From corn-on-the-cob themed stools, baguette lamps, and tabletop frosted cakes, faux food decor has taken the design world by storm. Read below to learn how to incorporate the yummy trend into your own space.
I first realized that faux food decor was a “thing” when I saw a post online of a living room featuring a fake pineapple upside-down cake on the coffee table. The living room belonged to Zoe Cohen, a creative brand strategist and the co-founder of Wiggle Room. So it may come as no surprise that the fake cake was just one of the many playful accents in her space. When revisiting these photos recently, I noticed the baguette lamp on her wall for the first time. But why was it that in this amazing space, I couldn’t stop looking at that cake? It was so realistic, and something about it just made me smile.
I’m no stranger to faux food decor. On the wall next to me as I write this are two very realistic fried eggs by artist Chris Chiappa that look like they’ll surrender to gravity and fall off the wall at any moment. Sitting on a shelf in my living room is a lamp made out of an actual croissant. It came with a warning about making sure it doesn’t get too hot in case the butter melts! Oh, and how could I forget the bagel light my friend made for me out of a genuine NYC everything bagel (this one makes me homesick in the best way).
There’s something so absolutely ridiculous about these items, especially when you stop to consider how fake food is objectively pretty tacky. To me, it feels like something of a bygone era. It makes me think of a bowl of dusty grapes you may encounter in a grandma’s kitchen or a realistic pear you made the mistake of biting into as a kid. If everything is too perfect, it begins to feel like inauthentic trickery. This new trend isn’t trying to trick anyone or create a false sense of perfection; it’s something different.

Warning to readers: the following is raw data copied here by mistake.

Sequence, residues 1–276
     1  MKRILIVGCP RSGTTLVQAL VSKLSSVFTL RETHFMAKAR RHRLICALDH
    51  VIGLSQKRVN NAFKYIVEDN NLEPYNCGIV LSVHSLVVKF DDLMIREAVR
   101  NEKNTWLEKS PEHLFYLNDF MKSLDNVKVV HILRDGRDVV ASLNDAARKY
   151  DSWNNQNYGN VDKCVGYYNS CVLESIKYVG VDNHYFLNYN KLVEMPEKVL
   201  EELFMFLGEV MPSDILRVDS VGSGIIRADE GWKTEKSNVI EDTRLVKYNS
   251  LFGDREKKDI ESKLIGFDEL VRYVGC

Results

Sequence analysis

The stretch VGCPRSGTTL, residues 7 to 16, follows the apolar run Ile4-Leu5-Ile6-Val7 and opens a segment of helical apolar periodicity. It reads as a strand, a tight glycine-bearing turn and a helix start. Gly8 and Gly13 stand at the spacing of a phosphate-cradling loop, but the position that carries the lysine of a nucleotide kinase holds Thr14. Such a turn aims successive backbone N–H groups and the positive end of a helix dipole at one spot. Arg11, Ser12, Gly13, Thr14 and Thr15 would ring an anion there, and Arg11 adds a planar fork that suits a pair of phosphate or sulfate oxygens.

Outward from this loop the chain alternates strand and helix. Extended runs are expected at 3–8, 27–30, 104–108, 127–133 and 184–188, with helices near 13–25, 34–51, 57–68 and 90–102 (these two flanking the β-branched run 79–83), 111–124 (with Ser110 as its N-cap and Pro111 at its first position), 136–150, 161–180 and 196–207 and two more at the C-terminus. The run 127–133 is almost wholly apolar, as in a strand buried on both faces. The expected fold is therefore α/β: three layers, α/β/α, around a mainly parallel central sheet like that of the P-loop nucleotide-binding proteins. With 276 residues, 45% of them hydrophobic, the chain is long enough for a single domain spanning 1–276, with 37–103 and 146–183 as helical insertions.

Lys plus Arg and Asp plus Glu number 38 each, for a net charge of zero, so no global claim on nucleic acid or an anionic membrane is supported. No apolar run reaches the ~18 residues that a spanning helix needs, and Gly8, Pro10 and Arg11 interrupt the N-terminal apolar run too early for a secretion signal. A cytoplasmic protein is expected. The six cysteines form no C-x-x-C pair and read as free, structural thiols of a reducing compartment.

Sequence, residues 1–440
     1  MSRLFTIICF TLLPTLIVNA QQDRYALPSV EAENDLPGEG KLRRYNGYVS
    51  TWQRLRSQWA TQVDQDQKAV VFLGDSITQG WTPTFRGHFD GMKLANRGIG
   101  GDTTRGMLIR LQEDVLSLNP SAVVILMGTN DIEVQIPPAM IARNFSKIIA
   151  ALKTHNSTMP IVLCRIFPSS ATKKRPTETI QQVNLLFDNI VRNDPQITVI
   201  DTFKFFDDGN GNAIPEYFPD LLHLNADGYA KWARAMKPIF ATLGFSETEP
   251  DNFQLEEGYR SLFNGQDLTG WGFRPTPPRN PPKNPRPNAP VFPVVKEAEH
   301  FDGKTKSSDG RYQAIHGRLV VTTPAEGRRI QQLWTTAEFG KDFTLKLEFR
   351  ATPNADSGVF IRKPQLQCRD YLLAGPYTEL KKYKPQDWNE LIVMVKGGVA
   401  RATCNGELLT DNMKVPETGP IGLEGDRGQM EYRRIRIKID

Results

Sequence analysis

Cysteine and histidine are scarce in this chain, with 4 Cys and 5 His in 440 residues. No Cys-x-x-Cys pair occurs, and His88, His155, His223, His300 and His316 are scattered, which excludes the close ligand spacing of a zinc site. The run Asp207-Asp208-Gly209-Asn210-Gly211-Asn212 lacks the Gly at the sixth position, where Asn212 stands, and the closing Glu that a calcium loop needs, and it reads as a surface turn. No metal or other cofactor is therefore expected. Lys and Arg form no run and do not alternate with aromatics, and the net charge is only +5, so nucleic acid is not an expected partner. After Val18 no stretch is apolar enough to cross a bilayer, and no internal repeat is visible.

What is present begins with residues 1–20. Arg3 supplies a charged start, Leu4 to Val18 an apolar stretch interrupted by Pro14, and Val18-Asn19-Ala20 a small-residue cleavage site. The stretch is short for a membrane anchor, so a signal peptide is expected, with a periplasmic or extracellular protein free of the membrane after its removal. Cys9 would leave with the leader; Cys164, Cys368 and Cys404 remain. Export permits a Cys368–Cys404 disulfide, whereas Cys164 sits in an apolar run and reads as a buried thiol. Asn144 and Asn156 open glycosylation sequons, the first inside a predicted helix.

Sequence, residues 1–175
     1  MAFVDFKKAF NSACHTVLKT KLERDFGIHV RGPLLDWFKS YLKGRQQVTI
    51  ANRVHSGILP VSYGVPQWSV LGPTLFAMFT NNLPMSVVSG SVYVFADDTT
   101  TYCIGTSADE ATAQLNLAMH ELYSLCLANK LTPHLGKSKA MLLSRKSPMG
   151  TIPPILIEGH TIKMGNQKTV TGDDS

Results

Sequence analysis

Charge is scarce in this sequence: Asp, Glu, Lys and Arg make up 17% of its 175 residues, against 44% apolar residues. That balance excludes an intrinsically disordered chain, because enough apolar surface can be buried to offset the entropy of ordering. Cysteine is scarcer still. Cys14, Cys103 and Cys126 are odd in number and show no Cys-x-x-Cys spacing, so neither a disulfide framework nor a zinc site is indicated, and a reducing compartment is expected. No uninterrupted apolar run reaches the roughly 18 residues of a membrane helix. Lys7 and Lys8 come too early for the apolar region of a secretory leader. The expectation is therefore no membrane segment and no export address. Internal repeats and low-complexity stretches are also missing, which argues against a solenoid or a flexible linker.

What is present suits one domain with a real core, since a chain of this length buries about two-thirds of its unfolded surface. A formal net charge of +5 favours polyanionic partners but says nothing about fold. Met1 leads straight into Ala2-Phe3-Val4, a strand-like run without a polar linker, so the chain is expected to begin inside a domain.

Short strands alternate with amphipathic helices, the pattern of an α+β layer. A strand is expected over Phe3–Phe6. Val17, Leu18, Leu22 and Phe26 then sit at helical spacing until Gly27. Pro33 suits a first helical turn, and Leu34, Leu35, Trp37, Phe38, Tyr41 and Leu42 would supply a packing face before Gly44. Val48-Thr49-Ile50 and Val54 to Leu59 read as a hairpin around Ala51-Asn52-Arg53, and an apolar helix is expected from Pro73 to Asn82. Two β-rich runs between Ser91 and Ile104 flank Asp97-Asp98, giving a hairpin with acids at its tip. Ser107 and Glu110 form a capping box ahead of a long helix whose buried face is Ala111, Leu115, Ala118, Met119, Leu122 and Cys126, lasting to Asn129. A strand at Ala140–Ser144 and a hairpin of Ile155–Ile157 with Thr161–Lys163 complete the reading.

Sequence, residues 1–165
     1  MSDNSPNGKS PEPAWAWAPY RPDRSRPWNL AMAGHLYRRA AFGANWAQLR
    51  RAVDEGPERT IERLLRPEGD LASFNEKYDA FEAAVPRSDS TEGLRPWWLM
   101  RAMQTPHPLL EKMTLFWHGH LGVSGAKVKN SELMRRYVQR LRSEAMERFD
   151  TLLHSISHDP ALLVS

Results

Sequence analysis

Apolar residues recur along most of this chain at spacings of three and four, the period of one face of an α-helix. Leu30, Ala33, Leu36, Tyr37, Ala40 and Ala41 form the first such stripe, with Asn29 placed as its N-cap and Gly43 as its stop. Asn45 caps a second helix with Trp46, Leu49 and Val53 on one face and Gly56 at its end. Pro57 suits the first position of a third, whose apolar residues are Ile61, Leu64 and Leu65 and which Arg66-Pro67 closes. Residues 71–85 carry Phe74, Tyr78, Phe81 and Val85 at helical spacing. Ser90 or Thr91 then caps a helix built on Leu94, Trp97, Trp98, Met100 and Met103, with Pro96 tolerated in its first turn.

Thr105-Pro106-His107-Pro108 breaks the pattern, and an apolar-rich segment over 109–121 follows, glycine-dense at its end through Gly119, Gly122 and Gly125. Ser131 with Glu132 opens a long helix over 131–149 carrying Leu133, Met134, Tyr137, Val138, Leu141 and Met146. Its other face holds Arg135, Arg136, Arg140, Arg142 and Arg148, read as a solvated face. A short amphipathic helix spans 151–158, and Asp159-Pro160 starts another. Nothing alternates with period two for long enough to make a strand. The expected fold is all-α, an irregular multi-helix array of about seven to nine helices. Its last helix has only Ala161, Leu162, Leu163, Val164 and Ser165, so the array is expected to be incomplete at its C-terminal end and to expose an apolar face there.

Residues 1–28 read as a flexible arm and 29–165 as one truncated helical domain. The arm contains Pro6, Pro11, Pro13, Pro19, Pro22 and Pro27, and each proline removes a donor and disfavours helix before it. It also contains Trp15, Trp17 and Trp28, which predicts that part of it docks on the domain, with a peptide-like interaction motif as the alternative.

I know I’m not the only one drawn to this trend. My fake food items are the most talked-about thing people notice when they come over (besides George, my cute neurotic dog). These items are a bit absurd, and their presence is a reminder not to take things too seriously. It’s these whimsical elements that draw me to an interior design space. So much of what we see online and in magazines is picture-perfect. It makes sense, but just as many people want to see real life—a messy, unstyled space doesn’t capture our attention in the same way. We may want to see reality, but it’s also nice to have some aspirational imagery to admire. I need a space to have something that makes it feel lived-in or something unusual and maybe even weird. An oversized lamp, an unexpected color, something fun. When a beautifully styled space includes one or two of these playful elements, it puts the personality back in the space and brings it to life.
The trick to getting this right is all about placement. A very convincing cocktail on your bookshelf will look like someone forgot to clean up after a party, whereas no one actually thinks the fried eggs on my wall result from breakfast gone wrong. It’s supposed to be a bit tongue-in-cheek, so have fun with it, but not too much fun.
As tough as 2020 was (and 2021 + 2022…), one of the upsides is that people seemed to let loose when it came to their decor. They focused on how their home functioned, and without anyone coming over for the foreseeable future, they leaned into their bizarre decorative preferences. Maybe this would have happened without a global pandemic, but the timing makes sense. People needed to have fun; they needed to find little things that make them smile, even if it was just a plastic pineapple-upside-down cake.
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